Aspire Art Auctions makes debut hit online
Aspire Art Auctions’ first Timed Online sale, which closed on 4 September, presented a range of affordable fine art selected to appeal to both new and seasoned collectors. The successful results of the sale are indicative of the rising popularity of the online arena, which has come to represent 8.4% of the overall art market globally.
Invaluable.com, Aspire’s online partner, reported that the Timed Online auction attracted bidders from; Australia, Belgium, Canada, Chile, China, Cyprus, France, Georgia, Germany, Hungary, Italy, Lithuania, Luxembourg, Netherlands, South Africa, Spain, UK and USA.
Marion Arnold’s watercolour depiction of the familiar Zimbabwean landscape in Matopos was undoubtedly an auction highlight, embodying her looseness in style as well as her affinity for the natural environment. Although Arnold is widely known as the author of the monograph Irma Stern: A Feast for the Eye (1995), her art has not yet received its due recognition at auction. Reaching a closing bid of R16 800, her work surpassed estimates to achieve a significant new auction record for the artist.
Encouraging results were achieved by several previously under-represented South African artists, including a number of important Rorke’s Drift printmakers. Works by Azaria Mbatha and his student John Muafangejo both reached the higher end of their estimates, while Judas Mahlangu’s lot of three works considerably outdid estimates.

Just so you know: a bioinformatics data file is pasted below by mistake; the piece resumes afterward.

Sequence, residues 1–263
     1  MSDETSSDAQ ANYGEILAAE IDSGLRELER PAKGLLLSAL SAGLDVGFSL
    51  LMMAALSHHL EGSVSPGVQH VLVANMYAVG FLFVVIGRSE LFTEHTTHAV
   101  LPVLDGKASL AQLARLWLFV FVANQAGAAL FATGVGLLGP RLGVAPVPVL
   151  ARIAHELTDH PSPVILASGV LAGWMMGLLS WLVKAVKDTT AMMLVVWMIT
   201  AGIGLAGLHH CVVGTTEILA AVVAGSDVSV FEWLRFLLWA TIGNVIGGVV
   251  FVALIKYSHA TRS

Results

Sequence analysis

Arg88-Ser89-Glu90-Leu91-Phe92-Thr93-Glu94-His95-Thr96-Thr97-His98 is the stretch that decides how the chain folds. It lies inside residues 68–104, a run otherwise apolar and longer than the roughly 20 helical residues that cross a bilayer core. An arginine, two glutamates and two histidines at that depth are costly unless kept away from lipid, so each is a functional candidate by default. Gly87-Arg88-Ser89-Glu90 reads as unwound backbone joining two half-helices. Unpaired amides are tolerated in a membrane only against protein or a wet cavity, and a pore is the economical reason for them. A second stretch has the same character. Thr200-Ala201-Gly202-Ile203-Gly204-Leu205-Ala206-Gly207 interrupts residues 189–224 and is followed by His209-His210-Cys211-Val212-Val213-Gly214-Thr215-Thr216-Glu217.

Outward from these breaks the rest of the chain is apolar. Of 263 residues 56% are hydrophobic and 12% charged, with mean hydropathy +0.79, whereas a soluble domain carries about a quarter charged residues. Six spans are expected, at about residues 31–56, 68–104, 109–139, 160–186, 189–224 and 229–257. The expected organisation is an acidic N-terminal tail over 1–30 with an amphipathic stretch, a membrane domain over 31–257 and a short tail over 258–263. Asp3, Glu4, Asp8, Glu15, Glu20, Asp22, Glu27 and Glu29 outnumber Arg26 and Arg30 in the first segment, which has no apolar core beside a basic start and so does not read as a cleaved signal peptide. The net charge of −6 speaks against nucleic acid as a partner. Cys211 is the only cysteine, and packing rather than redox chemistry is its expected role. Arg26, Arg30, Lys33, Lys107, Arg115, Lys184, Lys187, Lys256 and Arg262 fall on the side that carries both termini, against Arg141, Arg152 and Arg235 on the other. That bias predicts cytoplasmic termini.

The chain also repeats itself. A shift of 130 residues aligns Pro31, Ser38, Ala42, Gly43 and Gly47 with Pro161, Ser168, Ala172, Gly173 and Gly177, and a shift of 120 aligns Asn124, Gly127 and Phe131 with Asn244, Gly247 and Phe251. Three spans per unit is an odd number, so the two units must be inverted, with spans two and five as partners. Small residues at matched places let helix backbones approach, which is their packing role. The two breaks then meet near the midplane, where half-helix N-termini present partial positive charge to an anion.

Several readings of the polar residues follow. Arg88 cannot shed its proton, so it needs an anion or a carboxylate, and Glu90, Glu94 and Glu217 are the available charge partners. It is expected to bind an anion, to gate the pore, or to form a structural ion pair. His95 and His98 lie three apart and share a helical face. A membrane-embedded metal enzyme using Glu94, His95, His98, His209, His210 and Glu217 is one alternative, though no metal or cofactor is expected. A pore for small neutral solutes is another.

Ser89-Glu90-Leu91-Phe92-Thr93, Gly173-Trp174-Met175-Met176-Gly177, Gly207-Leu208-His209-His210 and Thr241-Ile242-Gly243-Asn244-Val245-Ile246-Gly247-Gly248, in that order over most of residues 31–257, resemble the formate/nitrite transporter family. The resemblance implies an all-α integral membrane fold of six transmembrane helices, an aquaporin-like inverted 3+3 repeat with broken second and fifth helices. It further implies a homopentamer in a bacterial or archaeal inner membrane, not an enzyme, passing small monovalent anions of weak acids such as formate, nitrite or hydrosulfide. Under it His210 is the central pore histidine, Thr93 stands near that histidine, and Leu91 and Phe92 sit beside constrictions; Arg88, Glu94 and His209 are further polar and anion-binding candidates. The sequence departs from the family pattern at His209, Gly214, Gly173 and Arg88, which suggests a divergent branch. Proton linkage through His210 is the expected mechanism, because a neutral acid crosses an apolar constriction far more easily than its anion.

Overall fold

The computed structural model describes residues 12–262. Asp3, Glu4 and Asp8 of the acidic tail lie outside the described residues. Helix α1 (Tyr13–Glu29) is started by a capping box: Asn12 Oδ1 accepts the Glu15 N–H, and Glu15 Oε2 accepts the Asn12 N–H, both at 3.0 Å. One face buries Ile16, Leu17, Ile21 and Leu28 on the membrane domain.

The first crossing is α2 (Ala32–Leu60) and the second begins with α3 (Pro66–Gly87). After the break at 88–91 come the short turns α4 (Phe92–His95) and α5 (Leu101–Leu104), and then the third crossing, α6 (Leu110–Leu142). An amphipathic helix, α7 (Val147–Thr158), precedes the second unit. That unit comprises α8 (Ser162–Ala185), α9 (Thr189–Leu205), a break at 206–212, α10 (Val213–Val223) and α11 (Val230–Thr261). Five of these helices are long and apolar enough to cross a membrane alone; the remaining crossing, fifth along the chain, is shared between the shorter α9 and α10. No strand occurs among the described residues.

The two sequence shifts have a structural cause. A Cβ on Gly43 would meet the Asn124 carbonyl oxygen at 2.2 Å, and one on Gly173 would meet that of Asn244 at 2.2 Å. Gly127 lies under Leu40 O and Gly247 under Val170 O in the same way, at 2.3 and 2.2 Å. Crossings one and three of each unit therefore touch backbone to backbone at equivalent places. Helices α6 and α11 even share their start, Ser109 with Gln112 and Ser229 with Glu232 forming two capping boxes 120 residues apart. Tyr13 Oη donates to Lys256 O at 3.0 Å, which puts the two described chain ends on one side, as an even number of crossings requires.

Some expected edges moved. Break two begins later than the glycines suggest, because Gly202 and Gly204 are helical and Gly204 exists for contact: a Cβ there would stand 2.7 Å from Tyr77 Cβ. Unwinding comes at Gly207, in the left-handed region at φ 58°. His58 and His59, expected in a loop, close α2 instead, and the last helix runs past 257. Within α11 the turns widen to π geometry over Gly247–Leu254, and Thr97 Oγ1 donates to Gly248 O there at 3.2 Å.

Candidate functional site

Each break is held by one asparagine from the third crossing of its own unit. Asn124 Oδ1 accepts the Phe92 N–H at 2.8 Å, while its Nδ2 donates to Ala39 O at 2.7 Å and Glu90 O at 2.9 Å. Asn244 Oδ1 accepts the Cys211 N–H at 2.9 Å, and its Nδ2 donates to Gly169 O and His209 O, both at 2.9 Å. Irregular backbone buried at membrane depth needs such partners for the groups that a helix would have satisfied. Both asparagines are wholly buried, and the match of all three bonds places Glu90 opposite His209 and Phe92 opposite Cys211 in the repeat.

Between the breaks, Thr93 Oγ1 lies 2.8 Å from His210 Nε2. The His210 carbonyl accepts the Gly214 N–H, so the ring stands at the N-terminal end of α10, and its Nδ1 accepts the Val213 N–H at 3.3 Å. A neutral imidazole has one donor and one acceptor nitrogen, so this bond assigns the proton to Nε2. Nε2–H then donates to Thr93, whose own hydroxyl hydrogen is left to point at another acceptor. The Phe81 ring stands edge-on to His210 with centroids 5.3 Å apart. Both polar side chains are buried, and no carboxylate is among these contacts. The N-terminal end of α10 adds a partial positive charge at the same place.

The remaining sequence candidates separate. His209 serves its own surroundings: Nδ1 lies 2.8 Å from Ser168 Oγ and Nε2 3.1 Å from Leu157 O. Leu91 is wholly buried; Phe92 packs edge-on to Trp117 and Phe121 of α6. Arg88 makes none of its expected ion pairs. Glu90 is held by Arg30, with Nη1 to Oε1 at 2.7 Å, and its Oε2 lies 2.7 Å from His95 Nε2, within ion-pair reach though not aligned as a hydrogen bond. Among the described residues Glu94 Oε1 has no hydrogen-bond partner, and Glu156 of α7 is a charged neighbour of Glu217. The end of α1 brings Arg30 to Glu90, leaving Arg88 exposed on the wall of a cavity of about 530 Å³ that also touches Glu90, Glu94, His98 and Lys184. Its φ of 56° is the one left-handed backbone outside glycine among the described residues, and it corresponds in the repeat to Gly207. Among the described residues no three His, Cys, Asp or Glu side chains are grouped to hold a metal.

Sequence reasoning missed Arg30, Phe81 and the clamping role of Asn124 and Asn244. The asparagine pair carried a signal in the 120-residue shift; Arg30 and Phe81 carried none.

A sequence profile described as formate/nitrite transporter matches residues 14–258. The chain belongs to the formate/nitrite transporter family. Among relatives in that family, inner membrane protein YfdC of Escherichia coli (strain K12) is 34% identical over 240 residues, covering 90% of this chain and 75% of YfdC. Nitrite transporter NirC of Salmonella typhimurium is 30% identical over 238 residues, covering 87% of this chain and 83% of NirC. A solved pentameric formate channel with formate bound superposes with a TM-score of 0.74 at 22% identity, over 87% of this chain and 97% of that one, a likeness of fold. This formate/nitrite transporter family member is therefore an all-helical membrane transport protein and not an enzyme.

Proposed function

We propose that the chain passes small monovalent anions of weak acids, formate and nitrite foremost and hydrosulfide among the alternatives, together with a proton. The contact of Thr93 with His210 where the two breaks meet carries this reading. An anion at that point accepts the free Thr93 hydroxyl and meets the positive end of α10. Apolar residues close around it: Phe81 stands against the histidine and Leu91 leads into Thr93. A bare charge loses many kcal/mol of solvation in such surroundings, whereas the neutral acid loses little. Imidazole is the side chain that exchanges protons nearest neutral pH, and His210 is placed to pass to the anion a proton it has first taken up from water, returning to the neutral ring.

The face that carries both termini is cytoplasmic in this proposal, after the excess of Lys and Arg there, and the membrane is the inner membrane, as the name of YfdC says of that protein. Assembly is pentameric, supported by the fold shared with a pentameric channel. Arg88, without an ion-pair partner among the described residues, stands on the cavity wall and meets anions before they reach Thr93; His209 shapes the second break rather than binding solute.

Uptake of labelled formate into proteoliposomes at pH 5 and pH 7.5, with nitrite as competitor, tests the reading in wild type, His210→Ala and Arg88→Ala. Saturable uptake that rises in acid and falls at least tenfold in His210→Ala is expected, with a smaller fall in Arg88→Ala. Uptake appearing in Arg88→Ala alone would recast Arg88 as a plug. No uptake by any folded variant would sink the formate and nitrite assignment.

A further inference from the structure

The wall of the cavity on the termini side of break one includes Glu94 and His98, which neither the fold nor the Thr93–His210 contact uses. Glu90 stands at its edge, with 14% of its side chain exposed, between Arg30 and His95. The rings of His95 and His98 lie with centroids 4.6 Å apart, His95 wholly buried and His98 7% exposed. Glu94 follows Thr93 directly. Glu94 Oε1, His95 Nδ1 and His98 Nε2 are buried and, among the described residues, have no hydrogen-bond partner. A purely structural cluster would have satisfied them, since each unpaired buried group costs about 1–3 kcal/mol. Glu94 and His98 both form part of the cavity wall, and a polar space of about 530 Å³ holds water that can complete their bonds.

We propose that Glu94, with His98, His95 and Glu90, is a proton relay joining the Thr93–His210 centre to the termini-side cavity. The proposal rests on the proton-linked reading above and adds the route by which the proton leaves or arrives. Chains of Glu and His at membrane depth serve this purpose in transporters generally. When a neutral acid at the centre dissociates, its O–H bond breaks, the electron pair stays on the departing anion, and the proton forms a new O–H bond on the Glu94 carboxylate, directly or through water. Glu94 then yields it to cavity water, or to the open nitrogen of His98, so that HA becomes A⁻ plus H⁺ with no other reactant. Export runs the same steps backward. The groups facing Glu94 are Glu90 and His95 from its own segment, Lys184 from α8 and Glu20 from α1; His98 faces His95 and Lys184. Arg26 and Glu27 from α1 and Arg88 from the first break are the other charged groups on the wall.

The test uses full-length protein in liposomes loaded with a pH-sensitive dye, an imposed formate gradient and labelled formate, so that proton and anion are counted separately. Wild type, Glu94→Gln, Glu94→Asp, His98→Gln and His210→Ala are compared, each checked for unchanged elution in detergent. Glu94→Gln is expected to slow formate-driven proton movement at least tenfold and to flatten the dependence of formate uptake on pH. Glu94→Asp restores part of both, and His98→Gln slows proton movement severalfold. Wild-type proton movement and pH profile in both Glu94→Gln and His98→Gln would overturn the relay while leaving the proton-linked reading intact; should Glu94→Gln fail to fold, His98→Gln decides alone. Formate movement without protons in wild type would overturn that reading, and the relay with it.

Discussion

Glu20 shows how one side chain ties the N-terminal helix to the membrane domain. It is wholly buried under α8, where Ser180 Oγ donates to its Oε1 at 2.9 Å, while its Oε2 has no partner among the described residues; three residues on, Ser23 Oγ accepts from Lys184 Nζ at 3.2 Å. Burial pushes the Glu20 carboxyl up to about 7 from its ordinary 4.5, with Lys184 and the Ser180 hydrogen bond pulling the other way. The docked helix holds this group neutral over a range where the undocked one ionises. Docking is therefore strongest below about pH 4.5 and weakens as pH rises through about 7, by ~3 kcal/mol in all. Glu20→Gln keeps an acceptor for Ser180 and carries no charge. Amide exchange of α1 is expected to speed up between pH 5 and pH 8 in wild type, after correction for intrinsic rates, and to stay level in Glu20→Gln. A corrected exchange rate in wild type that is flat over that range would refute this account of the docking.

Several works by Durant Sihlali were positively received by buyers. Regarded by respected art historian, Colin Richards, as “central to a founding generation of black South African modernists”, Sihlali’s distinctive contribution to the development of South African art has been hitherto largely overlooked. The sale of District Six Corner of Hanover Street for R8 400, signals a welcomed increased momentum in Sihlali’s market.
These results confirm Aspire’s ongoing contribution to the development of this market.
The online auction has furthermore indicated the increasing demand for good quality works on paper. Works by Tranksei artist Xakasa Nomandla performed consistently, whilst Sithembiso Sibisi’s Amazayoni sold for R14 560, more than five times the high estimate. This demand was further affirmed by competitive bidding on paper works by South Africa’s seasoned artists including Robert Hodgins, Sam Nhlengethwa and Paul Stopforth. Deborah Bell’s etching MA UBU Political Advisor (R13 440), and Diane Victor’s charcoal work Afrikaans Taal Atlas (R13 440) also performed well.
The 2017 Standard Bank Young Artist Award winner, Beth Armstrong, made her auction debut. Aspire was proud to present her portfolio of etchings To Skip the Last Step which exceeded expectations to sell for R14 560. Armstrong’s exhibition in perpetuum is currently on show at the Standard Bank Gallery in Johannesburg, and will be exhibited at the Iziko South African National Gallery in Cape Town later this year.
Dutch artist Lucebert’s Kodak sold for R25 300 against an estimate of R4 000 – 6 000, indicating the increasing traction Aspire is gaining in the international market. Several of Johan van Heerden’s abstract works achieved hammer prices well above their high estimates. Finally, books on local artists sold particularly well, with R1 456 achieved for the monograph on artist Ephraim Ngatane titled A Setting Apart, published in 2009.